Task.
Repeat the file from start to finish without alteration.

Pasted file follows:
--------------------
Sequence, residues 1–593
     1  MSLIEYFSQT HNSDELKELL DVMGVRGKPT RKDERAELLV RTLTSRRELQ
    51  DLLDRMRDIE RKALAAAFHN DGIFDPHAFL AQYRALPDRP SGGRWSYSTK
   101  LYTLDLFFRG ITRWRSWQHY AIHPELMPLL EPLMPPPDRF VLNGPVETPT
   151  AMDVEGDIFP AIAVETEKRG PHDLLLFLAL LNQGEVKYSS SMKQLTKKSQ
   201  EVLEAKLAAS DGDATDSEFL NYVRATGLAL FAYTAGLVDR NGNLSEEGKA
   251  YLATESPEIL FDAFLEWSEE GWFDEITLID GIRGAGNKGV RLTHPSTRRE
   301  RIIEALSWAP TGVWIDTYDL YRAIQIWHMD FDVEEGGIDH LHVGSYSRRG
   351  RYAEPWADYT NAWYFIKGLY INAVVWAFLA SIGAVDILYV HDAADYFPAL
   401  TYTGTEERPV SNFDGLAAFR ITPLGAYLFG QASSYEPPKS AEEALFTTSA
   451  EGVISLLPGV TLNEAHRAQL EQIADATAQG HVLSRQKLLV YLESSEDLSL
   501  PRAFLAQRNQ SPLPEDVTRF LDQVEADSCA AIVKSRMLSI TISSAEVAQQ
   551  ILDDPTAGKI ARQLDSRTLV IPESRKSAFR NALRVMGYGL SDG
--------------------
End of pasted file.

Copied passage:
Sequence, residues 1–593
     1  MSLIEYFSQT HNSDELKELL DVMGVRGKPT RKDERAELLV RTLTSRRELQ
    51  DLLDRMRDIE RKALAAAFHN DGIFDPHAFL AQYRALPDRP SGGRWSYSTK
   101  LYTLDLFFRG ITRWRSWQHY AIHPELMPLL EPLMPPPDRF VLNGPVETPT
   151  AMDVEGDIFP AIAVETEKRG PHDLLLFLAL LNQGEVKYSS SMKQLTKKSQ
   201  EVLEAKLAAS DGDATDSEFL NYVRATGLAL FAYTAGLVDR NGNLSEEGKA
   251  YLATESPEIL FDAFLEWSEE GWFDEITLID GIRGAGNKGV RLTHPSTRRE
   301  RIIEALSWAP TGVWIDTYDL YRAIQIWHMD FDVEEGGIDH LHVGSYSRRG
   351  RYAEPWADYT NAWYFIKGLY INAVVWAFLA SIGAVDILYV HDAADYFPAL
   401  TYTGTEERPV SNFDGLAAFR ITPLGAYLFG QASSYEPPKS AEEALFTTSA
   451  EGVISLLPGV TLNEAHRAQL EQIADATAQG HVLSRQKLLV YLESSEDLSL
   501  PRAFLAQRNQ SPLPEDVTRF LDQVEADSCA AIVKSRMLSI TISSAEVAQQ
   551  ILDDPTAGKI ARQLDSRTLV IPESRKSAFR NALRVMGYGL SDG